nvrmd allready done.
nvrmd allready done.
THe way to get the best charge out of a battery is drain it completely, but you will need another battery to do it with the droid. Because you would have to either keep turning it on/off until it does not come on anymore. Or take the batter out and hook jumper (I dont mean car jumper cables) from the battery to a lil light bulb and wait until the bulb dies. People do not have that kind of time unless they have a spare battery.
So what pilot mentioned, I've heard that often with lithium ion batteries - I'm assuming that's just supposed to be either rarely or only when we first get the battery.
I would not do a full discharge like that but maybe once every 60 or so short cycle charges.
Oh yeah, I had a wicked "duh" moment the other day when I was upgrading my kernel that you may want to mention...
Never install a new kernel when you're low on battery (Most people recommend you have at least 40% battery left). I did it when it said I had 20% left... and it didn't take well. I had to plug it in, recover from my Nandroid backup, and then reflash it again. :)
Question, why do you need the battery to last 3 years anyway? OEM Motorola batteries can be had on ebay for ~$10, so replacing one every year or even every 6 months if you really want to is a non-issue. The phone will run better OC'ed, and if you don't have the battery capacity you want, just replace it.
This article from Tesla Motors is a very good read on maximizing battery life (as applied to the Tesla Roadster). Tesla Motors - Leadership
just the type of thread i was looking for. thanks!
Industrial grade batteries don't have built in protection chips like the commercial ones we use. Their charge cycle, top end voltage and low end voltage are a little different because of the life span they need to achieve due to their costs. Commercial Lithium-Ion batteries are set, by the battery not the device, to charge to 4200 micro-volts and discharge down to around 3000 micro-volts (some risk going lower). If you exceed either limit, the battery itself can go into a protected state and shut off. Doesn't matter what you do, the battery won't work till you hook it up to a device that resets the protection protocols of the battery.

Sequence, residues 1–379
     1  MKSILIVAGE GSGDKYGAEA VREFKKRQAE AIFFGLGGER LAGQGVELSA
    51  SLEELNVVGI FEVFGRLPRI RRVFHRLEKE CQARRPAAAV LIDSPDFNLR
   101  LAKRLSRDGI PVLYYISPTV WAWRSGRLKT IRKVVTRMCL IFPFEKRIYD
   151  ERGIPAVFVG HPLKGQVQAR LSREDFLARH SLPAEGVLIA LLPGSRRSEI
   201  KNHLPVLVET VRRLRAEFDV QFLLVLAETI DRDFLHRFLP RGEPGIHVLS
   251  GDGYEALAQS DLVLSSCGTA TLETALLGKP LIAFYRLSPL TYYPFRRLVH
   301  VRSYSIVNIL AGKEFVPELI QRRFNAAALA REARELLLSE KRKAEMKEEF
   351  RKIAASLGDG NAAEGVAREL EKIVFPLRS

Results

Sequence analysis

A lithium-ion battery does actually last longer if you short cycle charge it. But, there is always a but, the protection circuit has a section devoted to relaying to the device the predicted discharge rate. So if you fast discharge a cell phone battery enough time, it memorizes that rate. Even if you put the phone in standby mode and don't touch it for a day. How do you get around that? You do a deep discharge and then a full recharge in one cycle. It should wipe the pattern from the circuit.
Now here is where it gets very interesting for me. I am not 100% convinced that the Motorola Droid uses the batteries on board drain profile. I have found a file that I believe contains similar data and is used by the Android OS. I just haven't had the time to research it properly because of another project I am working on. I hope to get back to this drain profile file in the near future.